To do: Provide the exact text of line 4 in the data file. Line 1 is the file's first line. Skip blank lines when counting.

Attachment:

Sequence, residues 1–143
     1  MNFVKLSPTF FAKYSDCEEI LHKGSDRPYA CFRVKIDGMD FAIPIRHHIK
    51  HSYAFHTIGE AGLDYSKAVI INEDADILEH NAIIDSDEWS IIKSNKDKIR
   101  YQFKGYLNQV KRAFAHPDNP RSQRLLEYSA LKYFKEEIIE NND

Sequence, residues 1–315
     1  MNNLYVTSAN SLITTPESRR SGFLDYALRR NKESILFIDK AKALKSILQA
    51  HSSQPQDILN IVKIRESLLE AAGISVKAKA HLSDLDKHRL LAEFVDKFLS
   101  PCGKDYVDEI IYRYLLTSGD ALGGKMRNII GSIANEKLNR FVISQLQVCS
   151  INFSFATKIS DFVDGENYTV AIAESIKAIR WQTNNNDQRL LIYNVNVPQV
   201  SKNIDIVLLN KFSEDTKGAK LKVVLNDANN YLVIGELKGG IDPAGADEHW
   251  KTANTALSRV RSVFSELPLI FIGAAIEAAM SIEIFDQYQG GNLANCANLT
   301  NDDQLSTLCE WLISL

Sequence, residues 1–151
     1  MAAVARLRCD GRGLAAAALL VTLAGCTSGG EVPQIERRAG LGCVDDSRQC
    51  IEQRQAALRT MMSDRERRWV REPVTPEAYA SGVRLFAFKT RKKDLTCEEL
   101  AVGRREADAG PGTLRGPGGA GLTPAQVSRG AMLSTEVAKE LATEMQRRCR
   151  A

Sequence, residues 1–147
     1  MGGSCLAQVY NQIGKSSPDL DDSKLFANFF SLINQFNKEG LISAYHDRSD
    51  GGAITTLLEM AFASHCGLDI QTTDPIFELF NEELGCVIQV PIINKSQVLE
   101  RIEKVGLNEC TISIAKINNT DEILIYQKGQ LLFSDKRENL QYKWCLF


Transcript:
   101  YQFKGYLNQV KRAFAHPDNP RSQRLLEYSA LKYFKEEIIE NND